Freedom Area High School's Student Newspaper

FHS Press

Freedom Area High School's Student Newspaper

FHS Press

Freedom Area High School's Student Newspaper

FHS Press

Not a ‘science fair’

7th annual science conference another success
Luke Snavely
Presenting in the library on May 5, sophomore Elias Boyd presents his long-term, which explores the effect of putting cork in baseball bats.

In the seven years Dr. Brain Wargo has been putting together the science conference, he has made one thing clear: this is not a science fair. Science fairs often explore the already known, replicating experiments and finding predictable results. A science conference dives into answering questions that cannot be simply searched on Google. This year’s science conference was yet another success in bringing both current students and alumni together to teach others about the world around them.

On May 5, students gave their presentations to students, staff and various alumni in three places: the high school auditorium, Ms. Christina Waters’ room and the high school library. Students in the audience could pick where to go, depending on their teachers for each block.

These student presentations all contained long-terms. A long-term refers to an experiment, which can translate to multiple tests, conducted over a lengthy period of time. For those who did not procrastinate on their studies, presentations reflected dedication over several months.

“My long-term was actually pretty easy when I started putting effort into it. I know some people are questioning whether or not to enroll in Physics because of the long-term, but it really wasn’t bad, in hindsight,” sophomore Vera Armenio said.

With all students in Wargo’s physics and physical science classes being required to do a long-term, topics were certainly diverse. For example, sophomore Payton Bickerstaff conducted an experiment to find the effects that chalk would have on rotation in gymnastics; meanwhile, junior Wyatt Boyer set out to find why some pennies turn green, as a means of explaining copper corrosion.

Not only do these long-terms lead students to indulge in authentic scientific practice and reasoning, but they also promote one key characteristic: perseverance. Students failed in their experiments, quite a lot. For example, junior Chase Grable conducted his long-term on tendons and faced many challenges, but he preserved and presented his work at the conference.

“I actually failed a lot more than I thought I would, considering I didn’t know a lot about tendons since they’re in my body,” Grable said. “[My long-term] taught me to just keep going with my experiments.”

These students addressed failure, even noting struggles in their presentations. Through several revisions and meetings with Dr. Wargo, they strived to make their experiments phenomenal. Students also peer edit other students’ presentations and give constructive criticism to help their fellow students succeed. Those that waited or did not even attempt a long-term learned their lesson the hard way, with their grades falling.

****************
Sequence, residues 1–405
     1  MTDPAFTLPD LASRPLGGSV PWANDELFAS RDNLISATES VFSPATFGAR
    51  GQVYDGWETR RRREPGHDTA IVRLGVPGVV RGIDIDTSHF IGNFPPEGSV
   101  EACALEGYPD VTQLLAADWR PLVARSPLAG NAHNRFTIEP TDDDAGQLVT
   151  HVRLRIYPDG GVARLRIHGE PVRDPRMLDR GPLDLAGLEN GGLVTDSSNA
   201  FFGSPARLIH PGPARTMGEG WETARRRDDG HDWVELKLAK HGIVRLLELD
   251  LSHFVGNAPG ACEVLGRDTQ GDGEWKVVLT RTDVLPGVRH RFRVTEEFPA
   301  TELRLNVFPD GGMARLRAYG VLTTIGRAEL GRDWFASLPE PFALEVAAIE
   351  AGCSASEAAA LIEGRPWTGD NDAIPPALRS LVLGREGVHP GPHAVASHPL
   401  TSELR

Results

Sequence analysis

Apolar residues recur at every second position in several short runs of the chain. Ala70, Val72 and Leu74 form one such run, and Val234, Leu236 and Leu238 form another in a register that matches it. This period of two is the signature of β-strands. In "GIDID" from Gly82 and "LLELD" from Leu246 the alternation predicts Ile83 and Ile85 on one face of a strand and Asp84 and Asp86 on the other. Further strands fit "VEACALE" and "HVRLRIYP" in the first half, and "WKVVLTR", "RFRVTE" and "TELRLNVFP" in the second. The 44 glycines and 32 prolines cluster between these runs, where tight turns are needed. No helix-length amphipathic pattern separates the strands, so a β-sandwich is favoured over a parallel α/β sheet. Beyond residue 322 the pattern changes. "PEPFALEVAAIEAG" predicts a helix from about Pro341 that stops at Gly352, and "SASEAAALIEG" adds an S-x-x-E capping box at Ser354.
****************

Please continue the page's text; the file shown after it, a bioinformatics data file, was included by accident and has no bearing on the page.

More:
This year’s science conference also featured an array of alumni, some of who have already graduated college. For example, Ava Colorito, class of 2018, presented her experience as a surgical pathology technician at UPMC. Even last year’s Physics Club president and 2022 graduate, Carter Huggins, came back for the conference. With all these alumni, there’s a variety of reasons why they come to their alma mater.

“I honestly [come back to the conference] just to see what high school students are working on and talk to them about what I do…” class of 2020 alumni Cade Skuse said. “And just seeing the progress of our science programs here at Freedom and how far they’ve come.”

During second block, Jeff, Elizabeth and Melissa Bishop delivered the keynote address, all of whom graduated from Freedom and have found success in the workforce. Jeff Bishop is even the CEO of his own company, Key Capture Energy, which works with battery storage. The three of them shared important life lessons they learned throughout their education and work experience.

During PLT, students had the opportunity to talk to alumni in a one-on-one environment for a more supplemental experience. The ring of the bell at 2:30 p.m. thus ended yet another successful science conference. For those who would like to enrich themselves deeper in all the topics presented at this year’s conference and on the importance of scientific conferences in general, please see Dr. Wargo’s site,